The effects of climate change on the hydrology and water resources of the Colorado River basin
|Title||The effects of climate change on the hydrology and water resources of the Colorado River basin|
|Publication Type||Journal Article|
|Year of Publication||2004|
|Authors||Christensen NS, Wood AW, Voisin N, Lettenmaier DP, Palmer RN|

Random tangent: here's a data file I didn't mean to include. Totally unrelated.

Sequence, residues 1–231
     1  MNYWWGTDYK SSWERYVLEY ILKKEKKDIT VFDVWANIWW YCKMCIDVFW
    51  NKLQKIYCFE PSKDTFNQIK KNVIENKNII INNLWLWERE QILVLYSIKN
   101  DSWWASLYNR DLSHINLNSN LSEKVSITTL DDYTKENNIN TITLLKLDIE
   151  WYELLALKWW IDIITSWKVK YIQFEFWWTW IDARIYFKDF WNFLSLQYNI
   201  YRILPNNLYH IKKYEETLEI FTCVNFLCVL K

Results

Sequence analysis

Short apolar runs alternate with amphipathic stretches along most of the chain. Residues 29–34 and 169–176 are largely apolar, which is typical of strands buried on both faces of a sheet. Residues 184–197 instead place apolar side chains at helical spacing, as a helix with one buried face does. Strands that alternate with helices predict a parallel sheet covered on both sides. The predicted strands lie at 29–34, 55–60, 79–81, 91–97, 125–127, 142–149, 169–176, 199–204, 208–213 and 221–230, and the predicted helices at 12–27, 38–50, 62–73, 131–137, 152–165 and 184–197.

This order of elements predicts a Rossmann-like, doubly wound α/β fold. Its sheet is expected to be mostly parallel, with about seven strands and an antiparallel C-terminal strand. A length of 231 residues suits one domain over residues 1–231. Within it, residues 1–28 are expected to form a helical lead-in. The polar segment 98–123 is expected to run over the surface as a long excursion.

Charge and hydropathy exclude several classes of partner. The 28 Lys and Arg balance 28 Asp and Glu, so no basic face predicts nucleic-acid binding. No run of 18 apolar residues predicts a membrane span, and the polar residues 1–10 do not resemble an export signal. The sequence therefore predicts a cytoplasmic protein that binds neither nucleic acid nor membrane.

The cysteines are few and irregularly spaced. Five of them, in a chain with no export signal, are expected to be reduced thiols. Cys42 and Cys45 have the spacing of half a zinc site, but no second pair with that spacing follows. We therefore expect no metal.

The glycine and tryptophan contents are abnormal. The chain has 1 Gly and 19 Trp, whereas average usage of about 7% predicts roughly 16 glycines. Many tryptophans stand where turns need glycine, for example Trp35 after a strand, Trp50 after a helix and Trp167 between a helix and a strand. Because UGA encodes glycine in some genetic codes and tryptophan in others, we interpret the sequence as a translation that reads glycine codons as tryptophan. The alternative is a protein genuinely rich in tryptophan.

The potential effects of climate change on the hydrology and water resources of the Colorado River basin are assessed by comparing simulated hydrologic and water resources scenarios derived from downscaled climate simulations of the U. S. Department of Energy/ National Center for Atmospheric Research Parallel Climate Model (PCM) to scenarios driven by observed historical (1950 - 1999) climate. PCM climate scenarios include an ensemble of three 105-year future climate simulations based on projected 'business-as-usual' (BAU) greenhouse gas emissions and a control climate simulation based on static 1995 greenhouse gas concentrations. Downscaled transient temperature and precipitation sequences were extracted from PCM simulations, and were used to drive the Variable Infiltration Capacity (VIC) macroscale hydrology model to produce corresponding streamflow sequences. Results for the BAU scenarios were summarized into Periods 1, 2, and 3 (2010 - 2039, 2040 - 2069, 2070 - 2098). Average annual temperature changes for the Colorado River basin were 0.5 degrees C warmer for control climate, and 1.0, 1.7, and 2.4 degrees C warmer for Periods 1 - 3, respectively, relative to the historical climate. Basin-average annual precipitation for the control climate was slightly (1%) less than for observed historical climate, and 3, 6, and 3% less for future Periods 1 - 3, respectively. Annual runoff in the control run was about 10% lower than for simulated historical conditions, and 14, 18, and 17% less for Periods 1 - 3, respectively. Analysis of water management operations using a water management model driven by simulated streamflows showed that streamflows associated with control and future BAU climates would significantly degrade the performance of the water resources system relative to historical conditions, with average total basin storage reduced by 7% for the control climate and 36, 32 and 40% for Periods 1 - 3, respectively. Releases from Glen Canyon Dam to the Lower Basin (mandated by the Colorado River Compact) were met in 80% of years for the control climate simulation (versus 92% in the historical climate simulation), and only in 59 - 75% of years for the future climate runs. Annual hydropower output was also significantly reduced for the control and future climate simulations. The high sensitivity of reservoir system performance for future climate is a reflection of the fragile equilibrium that now exists in operation of the system, with system demands only slightly less than long-term mean annual inflow.